Legislative Assembly for the ACT: 2018 Week 5 Hansard (10 May) . . Page.. 1805 ..
The government's secure local jobs package will deliver better, more secure jobs for Canberrans by establishing clear principles to ensure worker safety, fair pay and conditions on public projects and contracts.
Fundamental to this commitment is a recognition that the ACT government can play an important role in delivering better outcomes for young workers, as for all workers, by using its purchasing power to set high standards for workplace safety and workers' rights alongside the delivery of quality goods and services to the people of the ACT.
It is unfortunate that our efforts to protect young workers in the ACT are often undermined by the increasing insecurity of work. While we endeavour to protect the rights of young workers in the ACT, I cannot account for those rights being rewritten by a federal government determined to sell our young workers out. When we have a federal government that is intent on cutting penalty rates, intent on driving the casualisation of the industries that young people work in and intent on cutting the supports for those young people who find themselves out of work, some young workers in the ACT will continue to struggle and to suffer unnecessarily. The ACT government will do what it can to support the safety and health of those young workers.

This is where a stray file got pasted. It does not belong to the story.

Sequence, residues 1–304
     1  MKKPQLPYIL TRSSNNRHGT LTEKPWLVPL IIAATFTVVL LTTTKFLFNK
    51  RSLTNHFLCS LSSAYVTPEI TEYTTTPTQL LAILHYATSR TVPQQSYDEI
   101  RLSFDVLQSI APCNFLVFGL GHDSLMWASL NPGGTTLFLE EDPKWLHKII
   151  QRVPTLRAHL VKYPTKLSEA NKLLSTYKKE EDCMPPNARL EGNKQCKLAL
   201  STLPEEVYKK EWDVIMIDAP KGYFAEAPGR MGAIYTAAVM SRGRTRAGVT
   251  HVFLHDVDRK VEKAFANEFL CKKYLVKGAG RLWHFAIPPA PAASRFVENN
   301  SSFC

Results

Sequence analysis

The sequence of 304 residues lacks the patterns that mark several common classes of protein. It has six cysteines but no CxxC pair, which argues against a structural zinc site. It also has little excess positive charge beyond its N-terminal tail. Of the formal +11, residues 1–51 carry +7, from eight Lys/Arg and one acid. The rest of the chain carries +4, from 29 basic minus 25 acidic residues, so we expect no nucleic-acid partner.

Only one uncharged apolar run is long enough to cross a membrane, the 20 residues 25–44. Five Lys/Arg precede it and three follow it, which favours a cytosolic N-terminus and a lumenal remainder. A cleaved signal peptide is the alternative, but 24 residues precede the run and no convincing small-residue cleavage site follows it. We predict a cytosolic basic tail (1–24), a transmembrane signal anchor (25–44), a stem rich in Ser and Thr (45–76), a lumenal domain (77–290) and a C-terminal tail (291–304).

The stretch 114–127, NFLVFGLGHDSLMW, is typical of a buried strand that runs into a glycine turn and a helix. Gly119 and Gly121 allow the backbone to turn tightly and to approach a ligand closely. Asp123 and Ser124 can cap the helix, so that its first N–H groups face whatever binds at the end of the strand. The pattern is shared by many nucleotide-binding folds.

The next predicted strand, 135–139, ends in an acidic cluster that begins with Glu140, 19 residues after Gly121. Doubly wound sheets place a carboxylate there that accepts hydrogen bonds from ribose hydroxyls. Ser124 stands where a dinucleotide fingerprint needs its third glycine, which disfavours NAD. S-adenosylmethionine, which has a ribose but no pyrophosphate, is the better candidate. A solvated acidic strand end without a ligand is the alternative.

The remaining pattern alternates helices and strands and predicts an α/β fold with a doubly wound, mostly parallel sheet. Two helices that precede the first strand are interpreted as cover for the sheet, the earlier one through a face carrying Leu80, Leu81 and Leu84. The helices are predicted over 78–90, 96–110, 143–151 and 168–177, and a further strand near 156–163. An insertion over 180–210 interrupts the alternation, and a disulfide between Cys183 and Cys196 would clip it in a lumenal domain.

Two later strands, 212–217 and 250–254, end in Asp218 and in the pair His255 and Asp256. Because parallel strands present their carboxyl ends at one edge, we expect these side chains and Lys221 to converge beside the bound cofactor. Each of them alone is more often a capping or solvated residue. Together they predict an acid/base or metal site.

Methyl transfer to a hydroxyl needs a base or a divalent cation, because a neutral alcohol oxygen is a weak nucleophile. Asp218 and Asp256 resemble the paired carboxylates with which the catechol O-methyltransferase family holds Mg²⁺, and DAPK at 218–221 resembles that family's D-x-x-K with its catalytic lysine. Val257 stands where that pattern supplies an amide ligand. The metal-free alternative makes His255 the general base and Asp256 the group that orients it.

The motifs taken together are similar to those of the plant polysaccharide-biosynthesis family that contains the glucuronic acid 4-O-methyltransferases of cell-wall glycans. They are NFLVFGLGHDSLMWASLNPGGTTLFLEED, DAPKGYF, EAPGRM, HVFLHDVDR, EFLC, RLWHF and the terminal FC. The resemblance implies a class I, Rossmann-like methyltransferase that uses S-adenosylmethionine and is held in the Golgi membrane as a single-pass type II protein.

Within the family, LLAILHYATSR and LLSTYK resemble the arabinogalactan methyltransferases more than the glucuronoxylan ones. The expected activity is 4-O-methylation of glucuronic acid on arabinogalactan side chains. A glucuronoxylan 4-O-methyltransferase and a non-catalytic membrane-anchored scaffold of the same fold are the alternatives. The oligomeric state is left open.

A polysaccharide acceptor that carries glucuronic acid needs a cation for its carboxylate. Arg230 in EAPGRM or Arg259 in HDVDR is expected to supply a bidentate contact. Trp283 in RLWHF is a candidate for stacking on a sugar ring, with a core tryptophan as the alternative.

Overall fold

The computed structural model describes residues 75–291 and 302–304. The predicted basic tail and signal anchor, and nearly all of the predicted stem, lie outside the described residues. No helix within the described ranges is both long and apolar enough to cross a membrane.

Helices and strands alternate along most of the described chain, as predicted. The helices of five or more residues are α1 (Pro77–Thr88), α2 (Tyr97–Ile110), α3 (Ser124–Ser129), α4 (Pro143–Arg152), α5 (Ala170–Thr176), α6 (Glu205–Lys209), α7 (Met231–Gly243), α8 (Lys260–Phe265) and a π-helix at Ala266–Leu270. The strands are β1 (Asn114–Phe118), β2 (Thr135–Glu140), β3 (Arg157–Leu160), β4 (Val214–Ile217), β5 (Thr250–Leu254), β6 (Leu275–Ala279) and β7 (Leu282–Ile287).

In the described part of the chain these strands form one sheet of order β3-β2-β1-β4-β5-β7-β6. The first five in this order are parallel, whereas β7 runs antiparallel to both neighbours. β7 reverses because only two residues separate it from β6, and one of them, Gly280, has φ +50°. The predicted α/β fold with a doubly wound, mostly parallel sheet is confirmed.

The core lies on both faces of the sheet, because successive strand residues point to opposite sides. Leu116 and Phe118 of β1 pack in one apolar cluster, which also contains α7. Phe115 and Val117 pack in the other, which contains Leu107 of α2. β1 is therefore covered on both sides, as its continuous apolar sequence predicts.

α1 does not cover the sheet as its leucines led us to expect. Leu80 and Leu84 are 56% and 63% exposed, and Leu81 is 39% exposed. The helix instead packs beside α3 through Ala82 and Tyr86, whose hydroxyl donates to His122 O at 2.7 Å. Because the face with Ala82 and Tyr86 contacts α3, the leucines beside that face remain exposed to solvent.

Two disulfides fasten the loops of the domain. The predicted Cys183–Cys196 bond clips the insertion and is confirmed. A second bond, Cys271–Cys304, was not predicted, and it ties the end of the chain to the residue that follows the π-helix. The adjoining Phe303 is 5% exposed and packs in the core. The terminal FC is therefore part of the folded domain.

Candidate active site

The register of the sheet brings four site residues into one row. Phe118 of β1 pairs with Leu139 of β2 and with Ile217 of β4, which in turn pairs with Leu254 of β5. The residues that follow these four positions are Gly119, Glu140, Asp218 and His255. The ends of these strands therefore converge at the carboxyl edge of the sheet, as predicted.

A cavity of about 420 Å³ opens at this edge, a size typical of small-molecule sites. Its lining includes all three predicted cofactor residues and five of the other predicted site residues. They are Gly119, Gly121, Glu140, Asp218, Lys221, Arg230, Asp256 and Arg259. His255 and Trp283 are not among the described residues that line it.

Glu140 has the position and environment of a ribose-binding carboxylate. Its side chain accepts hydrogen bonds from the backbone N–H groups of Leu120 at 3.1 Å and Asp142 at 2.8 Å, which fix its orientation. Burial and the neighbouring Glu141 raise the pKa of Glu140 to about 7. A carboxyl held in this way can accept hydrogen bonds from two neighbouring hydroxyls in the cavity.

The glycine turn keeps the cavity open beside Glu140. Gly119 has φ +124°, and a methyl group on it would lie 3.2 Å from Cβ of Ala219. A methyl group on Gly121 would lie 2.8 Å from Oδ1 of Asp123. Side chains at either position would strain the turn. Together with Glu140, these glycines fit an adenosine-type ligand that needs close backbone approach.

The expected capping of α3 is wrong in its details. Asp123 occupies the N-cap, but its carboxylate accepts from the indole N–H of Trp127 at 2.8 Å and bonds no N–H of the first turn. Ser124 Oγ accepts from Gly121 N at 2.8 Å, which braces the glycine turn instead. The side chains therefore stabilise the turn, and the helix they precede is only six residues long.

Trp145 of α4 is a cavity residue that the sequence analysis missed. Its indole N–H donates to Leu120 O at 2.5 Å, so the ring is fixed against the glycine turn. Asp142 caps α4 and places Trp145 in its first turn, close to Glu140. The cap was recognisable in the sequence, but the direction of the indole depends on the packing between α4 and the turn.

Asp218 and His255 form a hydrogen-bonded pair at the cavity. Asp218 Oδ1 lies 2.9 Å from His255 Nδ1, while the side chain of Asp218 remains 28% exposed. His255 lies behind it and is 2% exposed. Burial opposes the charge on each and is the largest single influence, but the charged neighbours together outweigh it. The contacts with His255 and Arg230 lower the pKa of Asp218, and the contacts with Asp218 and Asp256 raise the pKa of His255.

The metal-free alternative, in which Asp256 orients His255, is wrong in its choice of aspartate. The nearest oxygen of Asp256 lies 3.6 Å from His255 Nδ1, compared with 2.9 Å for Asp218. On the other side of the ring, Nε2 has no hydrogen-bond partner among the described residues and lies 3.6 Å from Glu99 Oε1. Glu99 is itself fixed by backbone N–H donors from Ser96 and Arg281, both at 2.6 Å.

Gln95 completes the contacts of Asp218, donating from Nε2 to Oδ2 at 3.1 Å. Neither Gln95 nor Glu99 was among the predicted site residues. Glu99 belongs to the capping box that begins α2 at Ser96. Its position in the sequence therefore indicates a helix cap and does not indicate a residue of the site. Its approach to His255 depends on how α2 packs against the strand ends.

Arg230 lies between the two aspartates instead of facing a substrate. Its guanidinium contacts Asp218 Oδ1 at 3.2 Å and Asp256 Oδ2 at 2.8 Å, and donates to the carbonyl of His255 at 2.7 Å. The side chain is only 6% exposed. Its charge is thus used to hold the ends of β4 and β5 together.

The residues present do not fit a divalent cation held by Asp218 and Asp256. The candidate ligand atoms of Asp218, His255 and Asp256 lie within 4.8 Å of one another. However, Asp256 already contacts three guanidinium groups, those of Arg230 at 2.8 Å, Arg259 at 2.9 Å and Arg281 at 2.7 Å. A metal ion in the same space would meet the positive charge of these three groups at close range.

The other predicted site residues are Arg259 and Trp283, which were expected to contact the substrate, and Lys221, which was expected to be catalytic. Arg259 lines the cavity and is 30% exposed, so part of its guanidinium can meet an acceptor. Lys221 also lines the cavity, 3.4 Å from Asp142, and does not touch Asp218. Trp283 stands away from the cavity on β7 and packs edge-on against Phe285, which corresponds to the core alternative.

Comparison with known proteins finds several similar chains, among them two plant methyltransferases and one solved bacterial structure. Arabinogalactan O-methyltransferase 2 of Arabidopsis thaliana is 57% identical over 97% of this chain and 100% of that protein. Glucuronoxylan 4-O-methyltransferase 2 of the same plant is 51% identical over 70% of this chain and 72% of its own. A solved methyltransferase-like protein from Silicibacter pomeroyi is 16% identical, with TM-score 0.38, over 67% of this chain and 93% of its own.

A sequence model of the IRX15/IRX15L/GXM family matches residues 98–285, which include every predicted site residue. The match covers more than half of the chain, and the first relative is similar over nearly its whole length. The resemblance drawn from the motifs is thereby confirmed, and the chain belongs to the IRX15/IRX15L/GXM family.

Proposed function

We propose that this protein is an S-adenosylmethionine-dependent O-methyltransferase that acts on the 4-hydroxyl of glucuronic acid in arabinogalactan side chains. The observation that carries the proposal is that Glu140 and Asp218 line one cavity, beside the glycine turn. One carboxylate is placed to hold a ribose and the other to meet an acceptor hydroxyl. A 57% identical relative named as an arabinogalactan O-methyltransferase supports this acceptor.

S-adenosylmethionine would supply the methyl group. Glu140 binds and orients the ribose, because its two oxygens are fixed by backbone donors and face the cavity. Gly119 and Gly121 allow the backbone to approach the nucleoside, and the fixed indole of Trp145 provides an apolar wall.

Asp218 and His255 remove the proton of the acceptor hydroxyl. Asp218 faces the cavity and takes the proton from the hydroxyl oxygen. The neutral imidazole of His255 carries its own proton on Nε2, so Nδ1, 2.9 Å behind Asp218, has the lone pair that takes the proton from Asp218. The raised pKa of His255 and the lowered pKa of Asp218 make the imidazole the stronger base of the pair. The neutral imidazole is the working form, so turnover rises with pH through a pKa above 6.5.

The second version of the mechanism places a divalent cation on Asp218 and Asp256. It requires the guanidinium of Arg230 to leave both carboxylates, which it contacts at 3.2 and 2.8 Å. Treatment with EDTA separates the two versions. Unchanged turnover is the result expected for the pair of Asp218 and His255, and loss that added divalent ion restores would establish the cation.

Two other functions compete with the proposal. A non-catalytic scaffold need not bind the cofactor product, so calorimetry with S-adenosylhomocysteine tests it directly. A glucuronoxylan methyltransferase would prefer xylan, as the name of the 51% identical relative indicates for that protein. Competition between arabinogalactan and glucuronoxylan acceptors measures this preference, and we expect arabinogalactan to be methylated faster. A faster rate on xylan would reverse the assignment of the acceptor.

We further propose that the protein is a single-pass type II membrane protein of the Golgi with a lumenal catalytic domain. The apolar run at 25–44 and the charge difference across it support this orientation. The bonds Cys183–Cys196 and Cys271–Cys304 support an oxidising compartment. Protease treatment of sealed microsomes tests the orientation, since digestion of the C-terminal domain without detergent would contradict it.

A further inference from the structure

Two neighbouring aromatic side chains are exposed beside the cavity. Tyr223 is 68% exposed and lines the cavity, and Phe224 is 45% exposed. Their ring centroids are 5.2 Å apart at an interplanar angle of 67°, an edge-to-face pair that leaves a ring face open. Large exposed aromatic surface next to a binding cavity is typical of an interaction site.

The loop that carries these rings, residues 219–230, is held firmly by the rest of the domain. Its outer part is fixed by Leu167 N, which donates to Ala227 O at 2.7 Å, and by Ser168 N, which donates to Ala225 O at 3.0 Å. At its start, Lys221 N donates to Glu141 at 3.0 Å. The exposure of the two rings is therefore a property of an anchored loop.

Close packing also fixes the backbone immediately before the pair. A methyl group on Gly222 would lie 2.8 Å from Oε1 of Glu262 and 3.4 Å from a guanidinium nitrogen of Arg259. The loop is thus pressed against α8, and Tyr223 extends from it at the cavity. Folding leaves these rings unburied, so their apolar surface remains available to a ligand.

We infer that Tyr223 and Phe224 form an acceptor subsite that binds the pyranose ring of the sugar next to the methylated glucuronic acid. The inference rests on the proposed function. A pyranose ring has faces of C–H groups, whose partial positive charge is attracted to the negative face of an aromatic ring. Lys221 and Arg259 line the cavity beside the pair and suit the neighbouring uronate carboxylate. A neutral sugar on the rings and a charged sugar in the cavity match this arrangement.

MS ORR: My question is to the Minister for Climate Change and Sustainability. Minister, can you update the Assembly on how the national energy guarantee is developing following the COAG Energy Council meeting on Friday, 20 April?
MR RATTENBURY: I thank Ms Orr for the question. The national energy guarantee is progressing. The ministers agreed at that meeting on 20 April for work to continue ahead of the next COAG Energy Council, which will be held in Sydney in August. It would be fair to say that there are some quite mixed views on the progress of this work. We are seeing two very distinct streams of work developing here.
There is the piece led by the Energy Security Board, which is very focused on the technical details of reforming the national energy market. I think that is progressing reasonably well. On the other side we have now seen a commonwealth paper, which is the policy work that goes alongside that. What we are seeing is significant and ongoing intransigence on the part of the commonwealth and a lack of clarity of what their position is. Certainly, from the federal minister, Josh Frydenberg, there is a clear reluctance or lack of willingness to engage in any kind of detailed discussions about what the commonwealth position will be. I think this is problematic. This means there is not a lot of latitude as we go forward.
Certainly, the commonwealth position continues to be highly problematic in terms of the approach they have taken on things like the greenhouse gas reduction targets built into this system, the approach to offsets, and the very significant concerns from the renewable energy industry that the national energy guarantee, as it is currently formed, will stymie the growth of the renewable energy sector over the next decade.